Gas-Fired Versus Coal-Fired Power Stations

Consider.

  • The problem of the carbon dioxide is easier with a gas-fired power station, than a coal-fired power station of the same generating capacity, as it will generate only about forty percent of carbon dioxide.
  • Gas-fired power stations can be started up very quickly, whereas starting a coal-fired power station probably takes all day.
  • Coal is much more difficult to handle than gas.

Using hydrogen is even better than using natural gas, as it’s zero-carbpn.

Conclusion

I believe we can use our unique geographic position and proven technology to increase the resilience of our power networks.

We need both more power stations and energy storage.

 

 

August 12, 2019 Posted by | World | , , , , , , , , | 5 Comments

This Is What I Call A MOAB

Jamestown is a small Australian town of a few over fourteen hundred souls, probably home to several million flies and some of the most venomous spiders and snakes known to man.

I have never visited the town, but I must have flown nearly over it, when I flew a Piper AQrrow around Australia with C.

Just to the North of the town is the Hornsdale Wind Farm, which consists of 99 wind turbines with a generating capacity of 315 MW.

But this is not what brought the wind farm to my attention in an article in today’s Times under a headline of Biggest Ever Battery Plugs City’s Energy Gap.

This is said.

The battery array was built after a high-stakes bet by Elon Musk, 46, the US technology billionaire behind Tesla electric cars, that he could meet a 100-day building deadline or he would give the system away.

Wikipedia has a section on this battery.

This is said.

South Australia received 90 proposals and considered 5 projects. Tesla, Inc. is building the world’s most powerful lithium ion battery adjacent to the wind farm. It has two sections; a 70 MW running for 10 minutes, and a 30 MW with a 3 hour capacity. Samsung 21700-size cells are used.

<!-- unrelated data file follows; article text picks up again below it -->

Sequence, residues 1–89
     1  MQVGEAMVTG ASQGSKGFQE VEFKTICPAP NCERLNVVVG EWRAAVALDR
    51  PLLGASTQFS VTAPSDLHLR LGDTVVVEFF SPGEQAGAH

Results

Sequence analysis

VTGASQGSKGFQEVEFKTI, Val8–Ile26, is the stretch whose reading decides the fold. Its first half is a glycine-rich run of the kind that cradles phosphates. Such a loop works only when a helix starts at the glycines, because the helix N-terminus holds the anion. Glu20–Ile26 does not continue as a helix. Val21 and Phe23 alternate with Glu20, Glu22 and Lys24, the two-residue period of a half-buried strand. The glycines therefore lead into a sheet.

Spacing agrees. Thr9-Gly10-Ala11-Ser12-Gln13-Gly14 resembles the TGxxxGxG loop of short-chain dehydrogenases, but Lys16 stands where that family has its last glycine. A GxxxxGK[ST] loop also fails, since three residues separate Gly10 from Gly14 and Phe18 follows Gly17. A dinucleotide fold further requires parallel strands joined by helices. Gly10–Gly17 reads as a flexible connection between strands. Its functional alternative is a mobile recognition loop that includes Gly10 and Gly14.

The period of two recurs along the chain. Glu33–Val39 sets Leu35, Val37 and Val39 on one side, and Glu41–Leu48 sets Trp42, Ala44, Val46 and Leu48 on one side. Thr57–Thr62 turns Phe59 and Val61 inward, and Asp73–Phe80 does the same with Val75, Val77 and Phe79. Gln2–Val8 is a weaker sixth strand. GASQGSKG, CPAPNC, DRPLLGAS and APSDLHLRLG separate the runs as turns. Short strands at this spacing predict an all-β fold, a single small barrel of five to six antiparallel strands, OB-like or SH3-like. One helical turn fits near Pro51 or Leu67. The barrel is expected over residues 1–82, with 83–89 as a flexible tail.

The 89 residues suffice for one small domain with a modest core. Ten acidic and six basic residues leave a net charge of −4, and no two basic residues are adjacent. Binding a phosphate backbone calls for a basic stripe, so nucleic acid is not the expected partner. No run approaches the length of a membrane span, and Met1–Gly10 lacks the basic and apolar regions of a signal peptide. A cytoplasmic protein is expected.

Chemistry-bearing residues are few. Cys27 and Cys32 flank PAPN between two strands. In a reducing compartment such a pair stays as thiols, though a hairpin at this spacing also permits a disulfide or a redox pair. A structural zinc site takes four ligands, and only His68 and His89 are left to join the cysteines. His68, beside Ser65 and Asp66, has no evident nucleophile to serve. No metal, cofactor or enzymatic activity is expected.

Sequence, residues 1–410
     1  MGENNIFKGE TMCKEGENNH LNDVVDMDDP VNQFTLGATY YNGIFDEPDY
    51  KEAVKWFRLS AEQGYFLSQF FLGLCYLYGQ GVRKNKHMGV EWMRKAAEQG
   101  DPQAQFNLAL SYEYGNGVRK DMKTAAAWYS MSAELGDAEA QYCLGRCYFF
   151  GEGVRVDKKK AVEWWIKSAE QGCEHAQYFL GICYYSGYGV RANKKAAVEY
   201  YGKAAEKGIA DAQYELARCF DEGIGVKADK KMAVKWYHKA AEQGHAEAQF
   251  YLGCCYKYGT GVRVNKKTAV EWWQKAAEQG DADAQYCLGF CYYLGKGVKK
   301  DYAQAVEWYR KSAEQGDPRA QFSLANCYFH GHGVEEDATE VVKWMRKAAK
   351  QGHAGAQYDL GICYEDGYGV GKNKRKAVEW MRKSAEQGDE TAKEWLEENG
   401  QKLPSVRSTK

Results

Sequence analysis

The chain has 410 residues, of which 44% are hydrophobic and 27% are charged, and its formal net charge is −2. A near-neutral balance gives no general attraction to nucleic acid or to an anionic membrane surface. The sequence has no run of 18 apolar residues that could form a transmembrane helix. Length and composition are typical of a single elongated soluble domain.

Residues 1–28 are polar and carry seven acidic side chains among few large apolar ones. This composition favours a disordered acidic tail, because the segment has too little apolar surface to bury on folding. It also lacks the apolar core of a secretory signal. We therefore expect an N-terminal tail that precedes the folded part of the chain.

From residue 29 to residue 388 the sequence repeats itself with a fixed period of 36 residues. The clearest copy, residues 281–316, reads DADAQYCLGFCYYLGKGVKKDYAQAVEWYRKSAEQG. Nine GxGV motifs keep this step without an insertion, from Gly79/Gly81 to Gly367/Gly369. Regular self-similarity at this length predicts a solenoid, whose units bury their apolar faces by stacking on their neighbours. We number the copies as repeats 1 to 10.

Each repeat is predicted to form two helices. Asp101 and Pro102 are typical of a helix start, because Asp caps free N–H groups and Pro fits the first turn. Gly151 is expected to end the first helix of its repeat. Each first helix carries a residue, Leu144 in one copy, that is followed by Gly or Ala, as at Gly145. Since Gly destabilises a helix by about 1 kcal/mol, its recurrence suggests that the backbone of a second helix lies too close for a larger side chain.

It will be operated by Tesla and provide a total of 129 megawatt-hours (460 GJ) of storage capable of discharge at 100 megawatts (130,000 hp) into the power grid. This will help prevent load-shedding blackouts and provide stability to the grid (grid services) while other generators can be started in the event of sudden drops in wind or other network issues. It is intended to be built in 100 days counting from 29 September 2017, when a grid connection agreement was signed with Electranet, and some units were operational. The battery construction was completed and testing began on 25 November 2017. It is owned by Neoen and Tesla, with the government having the ability to call on the stored power under certain circumstances.

It certainly seems to be the Mother-Of-All-Batteries! Hence MOAB!

The Times is reporting that the battery system has cost £30 million.

This works out at about £233,000 to store each Megawatt-Hour stored.

When you consider that we have five offshore that are bigger than the Hornsdale Wind Farm, surely it is only a matter of time before we add a battery to one.

These MOABs are an intriguing concept!

 

November 27, 2017 Posted by | World | , , , , | Leave a comment

The Aussies Get Into Home Batteries

As you might imagine, Australia with its sunshine and lots of remote communities could be a big market for battery technology like Tesla’s Powerwall. But this article in the Australian Financial Review shows why the country will be a big market.

It says that for example in Queensland, a third of the houses have solar panels, which must only increase the demand for batteries.

But it also says that the way the Australians charge for electricity is different to the United States and this makes batteries much more useful. I think that in the UK, we follow the Australian model. Except for the sun of course!